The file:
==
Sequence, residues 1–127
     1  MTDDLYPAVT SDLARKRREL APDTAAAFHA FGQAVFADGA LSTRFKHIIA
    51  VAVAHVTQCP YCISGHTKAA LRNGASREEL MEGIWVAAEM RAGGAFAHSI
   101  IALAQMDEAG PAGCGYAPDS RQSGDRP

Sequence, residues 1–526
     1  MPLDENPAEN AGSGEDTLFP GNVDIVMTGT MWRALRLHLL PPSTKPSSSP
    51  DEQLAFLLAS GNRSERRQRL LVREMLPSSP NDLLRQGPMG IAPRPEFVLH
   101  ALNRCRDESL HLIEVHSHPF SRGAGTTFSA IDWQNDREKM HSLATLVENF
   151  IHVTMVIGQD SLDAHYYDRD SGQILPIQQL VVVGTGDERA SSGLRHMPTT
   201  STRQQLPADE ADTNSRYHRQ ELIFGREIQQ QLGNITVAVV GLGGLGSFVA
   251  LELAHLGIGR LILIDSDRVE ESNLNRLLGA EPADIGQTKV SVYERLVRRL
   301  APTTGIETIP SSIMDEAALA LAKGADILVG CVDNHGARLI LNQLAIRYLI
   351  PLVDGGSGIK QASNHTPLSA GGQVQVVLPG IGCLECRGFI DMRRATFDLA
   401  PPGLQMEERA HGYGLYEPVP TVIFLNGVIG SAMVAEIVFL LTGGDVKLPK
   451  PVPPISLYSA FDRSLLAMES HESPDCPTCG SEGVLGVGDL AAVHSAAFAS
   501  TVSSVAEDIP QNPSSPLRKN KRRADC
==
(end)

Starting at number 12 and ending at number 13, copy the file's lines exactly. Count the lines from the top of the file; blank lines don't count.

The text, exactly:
   301  APTTGIETIP SSIMDEAALA LAKGADILVG CVDNHGARLI LNQLAIRYLI
   351  PLVDGGSGIK QASNHTPLSA GGQVQVVLPG IGCLECRGFI DMRRATFDLA